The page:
Conventional wisdom holds that the early front-runner in a wide-open primary, especially a crowded one, rarely turns out to be the nominee. It’s probably one of those “rules” that will be true until it isn’t, but at the moment there is ample evidence from past contests to back it up.
The reason that rule holds up is that elections are a process, and a rather long one at that, compared to the rest of the world’s democracies.
It’s not an entirely linear progress, as climbing a ladder is. It’s more like a dance with five steps, with a good deal of forward, backwards, and sideways motion. Carly Fiorina’s big night at the second Republican primary debate demonstrated she has mastered all of them. Everyone else had a stumble or two, although there’s still time for most of them to learn the moves.
Time is running out for a few of these candidates. The first step in the primary dance is plausibility. It’s impossible to get a campaign moving without it, and difficult to stay in the race past the early everything-goes months without doing the Plausibility Shuffle. Some candidates have so much money, political influence, or star power that they don’t have to worry much about proving they belong in the race during the early stages, but it can come up again later.
Debate Two began with a striking performance from Donald Trump, as he riverdanced across the stage and tried to throw Senator Rand Paul off it, snorting that Paul’s piddly one percent in the polls didn’t rate a position in the main event. Trump does this sort of thing a lot, invoking poll numbers to attack the plausibility of his competitors. He even cuts them off while they’re speaking by saying they lack the campaign stature to compete with him for attention… and sometimes it works. If Donald Trump tells you to shut up because your campaign is going nowhere, and you do indeed shut up, you should spend some time after the debate contemplating the possibility that he’s right.
Trump himself tap-dances around the question of plausibility by citing his popularity and great personal wealth, and he’ll probably need no other strategy for a while to come, but he will have to revisit the question again. Carly Fiorina shrewdly understood that plausibility is the first hurdle for an outsider to overcome, especially when her previous political experience involved losing a high-profile election. It’s interesting that not even Trump ever brings that up, preferring instead to brawl over their relative business experiences. In this year of the game-changing outsider, no one is holding it against her. (However, I have a personal request for Fiorina: I want to see the Demon Sheep again, just one more time, before all this is over.)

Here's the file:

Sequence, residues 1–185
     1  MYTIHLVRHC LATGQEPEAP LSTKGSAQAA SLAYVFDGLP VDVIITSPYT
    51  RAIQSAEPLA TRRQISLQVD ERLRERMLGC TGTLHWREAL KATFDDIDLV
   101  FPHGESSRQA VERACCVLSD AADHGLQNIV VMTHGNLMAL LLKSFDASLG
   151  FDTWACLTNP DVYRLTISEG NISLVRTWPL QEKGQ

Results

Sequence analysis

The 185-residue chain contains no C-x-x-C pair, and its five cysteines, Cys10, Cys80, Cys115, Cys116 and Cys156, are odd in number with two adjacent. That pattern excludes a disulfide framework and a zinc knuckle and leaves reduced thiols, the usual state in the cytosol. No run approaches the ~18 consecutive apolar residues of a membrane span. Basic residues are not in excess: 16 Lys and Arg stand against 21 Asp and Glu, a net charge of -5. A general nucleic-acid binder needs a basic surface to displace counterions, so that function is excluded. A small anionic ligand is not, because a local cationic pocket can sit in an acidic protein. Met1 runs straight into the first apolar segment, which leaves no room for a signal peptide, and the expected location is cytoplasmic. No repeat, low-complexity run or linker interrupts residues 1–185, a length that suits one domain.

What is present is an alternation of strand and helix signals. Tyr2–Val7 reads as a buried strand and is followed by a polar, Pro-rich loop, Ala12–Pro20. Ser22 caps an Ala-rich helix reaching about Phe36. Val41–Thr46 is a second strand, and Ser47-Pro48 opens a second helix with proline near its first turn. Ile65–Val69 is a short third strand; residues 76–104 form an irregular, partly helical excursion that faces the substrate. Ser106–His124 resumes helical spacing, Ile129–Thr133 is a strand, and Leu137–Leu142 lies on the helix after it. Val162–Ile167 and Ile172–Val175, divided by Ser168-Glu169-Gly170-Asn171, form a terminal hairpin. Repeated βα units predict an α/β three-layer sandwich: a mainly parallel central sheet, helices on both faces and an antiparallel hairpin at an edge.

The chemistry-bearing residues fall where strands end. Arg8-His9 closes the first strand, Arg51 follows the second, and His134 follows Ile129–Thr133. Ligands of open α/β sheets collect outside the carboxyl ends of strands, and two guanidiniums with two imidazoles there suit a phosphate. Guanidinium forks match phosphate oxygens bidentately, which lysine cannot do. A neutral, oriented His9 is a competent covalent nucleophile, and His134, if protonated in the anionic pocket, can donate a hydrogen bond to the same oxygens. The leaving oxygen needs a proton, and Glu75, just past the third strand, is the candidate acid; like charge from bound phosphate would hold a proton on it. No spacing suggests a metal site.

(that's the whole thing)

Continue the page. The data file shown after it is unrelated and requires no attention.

Fiorina became plausible the way all outsiders hope to, by mastering the next two steps of the Primary Dance: she became extremely interesting and exciting. Those aren’t the same thing. Exciting candidates who aren’t interesting burn out. Interesting candidates who aren’t exciting fade into the background, leaving pundits and party insiders to wonder how someone with such a dazzling resume could fail to make a ripple in the campaign.
Trump and Ben Carson seem to be riding the crest of excitement waves that could break at any moment. (In Carson’s case, being extremely likable and respectable produces a unique blend of excitement. No hordes of reporters follow him around, he doesn’t barge into the headlines twice a day like Trump, and yet he entered Debate Two right behind the incandescent mogul in most polls.)
In this long debate, both of them got in trouble by failing to offer much in the way of policy specifics. Trump demurs all such questions by saying he will hire a team of experienced geniuses to handle the details while he focuses on the big picture, while Carson is a bona fide genius who repeatedly demonstrates a great capacity for careful observation, understanding, and common-sense wisdom. Beneath all the verbal pyrotechnics, Trump is actually conveying a fairly accurate sense of how the presidency works, but the voting public eventually reaches the point where they doubt anyone can have a solid Big Picture vision without mastering any of the details.
Both Trump and Carson would have benefited enormously from just a dash of wonkishness last night, perhaps the announcement of a major policy position. This would have been a great moment for Trump to unveil the tax-reform proposal he’s always alluding to, perhaps with a stack of brochures to pass out later in the Spin Room. Instead, he had yet another round-table chat with the other candidates on how various reforms all sound great, and he’s going to have some top people consider them all and write up the best tax reform you ever saw. Carson made some solid observations about physical border security, but otherwise chose some odd ground to stand upon with an unusual idea about creating an automatically-indexed two-tier minimum wage.